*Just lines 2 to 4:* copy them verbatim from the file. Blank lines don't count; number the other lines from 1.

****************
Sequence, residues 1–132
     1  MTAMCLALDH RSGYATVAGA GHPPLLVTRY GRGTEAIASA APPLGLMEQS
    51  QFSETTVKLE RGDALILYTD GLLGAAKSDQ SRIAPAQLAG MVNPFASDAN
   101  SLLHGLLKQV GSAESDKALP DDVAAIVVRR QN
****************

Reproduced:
     1  MTAMCLALDH RSGYATVAGA GHPPLLVTRY GRGTEAIASA APPLGLMEQS
    51  QFSETTVKLE RGDALILYTD GLLGAAKSDQ SRIAPAQLAG MVNPFASDAN
   101  SLLHGLLKQV GSAESDKALP DDVAAIVVRR QN